On October 24, 2004, about 1430 central daylight time, an experimental amateur-built Strissel Pitts S1S bi-wing airplane, N230SB, was substantially damaged during an in-flight collision with terrain near Liberal, Kansas. The personal flight was being conducted under 14 CFR Part 91 and was not on a flight plan. Visual meteorological conditions prevailed. The pilot sustained fatal injuries. The local flight departed Liberal Municipal Airport (LBL), Liberal, Kansas, about 1400. Use your browsers 'back' function to return to synopsisReturn to Query Page
A witness reported seeing a small airplane go into a "backward spin, then it flipped up side down and stayed [in] a spin until it disappeared over the hill."
A second witness stated that he saw an airplane "doing tricks." He continued: "I watched him for a few minutes, then he was doing this crazy stunt up in the air. He was upside down going in circles. And I was noticing that he was getting closer to the ground. Then all of a sudden he wasn't pulling up." He noted the airplane descended until it impacted the ground.
The airplane came to rest inverted on level terrain approximately 2 miles west-southwest of LBL. The engine cowling, upper wing assembly, and vertical stabilizer exhibited crushing damage. The flight controls remained attached to the airframe. Control continuity was confirmed from the empennage to the cockpit area and from the ailerons to the wing roots. Cable breaks exhibited a frayed condition consistent with overload tensile failure.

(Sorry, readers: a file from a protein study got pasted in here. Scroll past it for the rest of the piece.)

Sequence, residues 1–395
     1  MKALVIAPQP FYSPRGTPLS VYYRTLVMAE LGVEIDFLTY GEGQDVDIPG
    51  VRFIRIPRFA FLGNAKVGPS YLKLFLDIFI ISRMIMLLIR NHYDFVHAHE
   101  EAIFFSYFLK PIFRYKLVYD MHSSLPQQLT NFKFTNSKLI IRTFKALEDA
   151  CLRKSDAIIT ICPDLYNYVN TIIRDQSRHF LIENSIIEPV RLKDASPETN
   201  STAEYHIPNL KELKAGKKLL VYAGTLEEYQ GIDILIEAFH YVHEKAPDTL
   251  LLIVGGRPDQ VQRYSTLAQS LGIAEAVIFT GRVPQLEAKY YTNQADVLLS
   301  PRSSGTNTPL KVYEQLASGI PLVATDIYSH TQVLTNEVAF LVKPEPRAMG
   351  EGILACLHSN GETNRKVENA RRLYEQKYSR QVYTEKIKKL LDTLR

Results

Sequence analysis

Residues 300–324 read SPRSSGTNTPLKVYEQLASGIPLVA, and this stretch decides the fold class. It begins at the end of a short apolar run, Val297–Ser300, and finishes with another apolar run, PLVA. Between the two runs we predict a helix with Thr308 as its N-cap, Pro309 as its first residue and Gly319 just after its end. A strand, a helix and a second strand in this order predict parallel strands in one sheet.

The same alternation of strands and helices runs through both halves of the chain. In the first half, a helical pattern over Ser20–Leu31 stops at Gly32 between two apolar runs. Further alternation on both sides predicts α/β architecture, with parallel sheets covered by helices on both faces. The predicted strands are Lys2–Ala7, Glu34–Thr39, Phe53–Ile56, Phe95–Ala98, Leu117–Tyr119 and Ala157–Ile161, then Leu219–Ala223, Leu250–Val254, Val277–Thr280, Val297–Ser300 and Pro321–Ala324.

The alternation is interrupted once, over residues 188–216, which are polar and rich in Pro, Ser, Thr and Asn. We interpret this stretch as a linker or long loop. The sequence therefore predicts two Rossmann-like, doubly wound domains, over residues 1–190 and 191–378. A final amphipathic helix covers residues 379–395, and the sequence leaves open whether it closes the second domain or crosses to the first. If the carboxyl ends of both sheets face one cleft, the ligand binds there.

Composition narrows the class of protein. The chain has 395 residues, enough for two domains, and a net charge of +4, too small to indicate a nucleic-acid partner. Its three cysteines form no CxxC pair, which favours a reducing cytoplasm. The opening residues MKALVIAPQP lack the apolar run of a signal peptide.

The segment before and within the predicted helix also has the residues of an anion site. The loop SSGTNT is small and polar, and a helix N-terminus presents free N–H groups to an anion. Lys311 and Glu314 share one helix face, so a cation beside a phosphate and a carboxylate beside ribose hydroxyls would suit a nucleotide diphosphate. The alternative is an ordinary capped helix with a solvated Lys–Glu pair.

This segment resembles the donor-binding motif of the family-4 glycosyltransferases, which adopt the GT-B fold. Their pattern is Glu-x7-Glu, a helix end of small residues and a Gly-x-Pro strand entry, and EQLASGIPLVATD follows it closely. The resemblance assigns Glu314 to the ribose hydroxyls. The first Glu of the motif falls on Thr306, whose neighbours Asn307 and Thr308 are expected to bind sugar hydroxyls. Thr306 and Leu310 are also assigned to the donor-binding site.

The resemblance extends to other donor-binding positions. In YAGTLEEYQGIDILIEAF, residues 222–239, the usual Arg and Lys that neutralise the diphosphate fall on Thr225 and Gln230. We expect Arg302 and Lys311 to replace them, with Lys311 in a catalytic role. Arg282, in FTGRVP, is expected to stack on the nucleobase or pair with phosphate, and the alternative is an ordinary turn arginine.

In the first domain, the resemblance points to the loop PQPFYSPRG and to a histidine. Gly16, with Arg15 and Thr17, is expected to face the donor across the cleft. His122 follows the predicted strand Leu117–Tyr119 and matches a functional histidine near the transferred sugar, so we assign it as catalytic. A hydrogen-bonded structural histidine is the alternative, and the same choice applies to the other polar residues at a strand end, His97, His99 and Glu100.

One of the co-owners of the aircraft reported that they had owned it for approximately 20 years. They were reportedly in the process of negotiating a trade with the accident pilot involving the aircraft. During this time, the owner stated that the accident pilot had permission to fly the Pitts aircraft. He noted that the accident pilot had told him that he had experience in two-seat Pitts aircraft and with aerobatics in general.
The owner stated that he had flown the accident aircraft the evening prior to and the morning of the accident. He reported that he conducted some takeoffs and landings during the evening flight and performed some aerobatic work during the morning flight. He stated that the aircraft performed normally. He noted that he was not aware of any discrepancies with the aircraft.
Federal Aviation Administration records indicate the accident pilot held a private pilot certificate with a single-engine land rating. He also held a mechanic certificate with airframe and powerplant ratings. He was issued a third class airman medical certificate on November 11, 2002. His pilot logbook was not located. He reported his total flight time as 1,000 hours on his medical certificate application.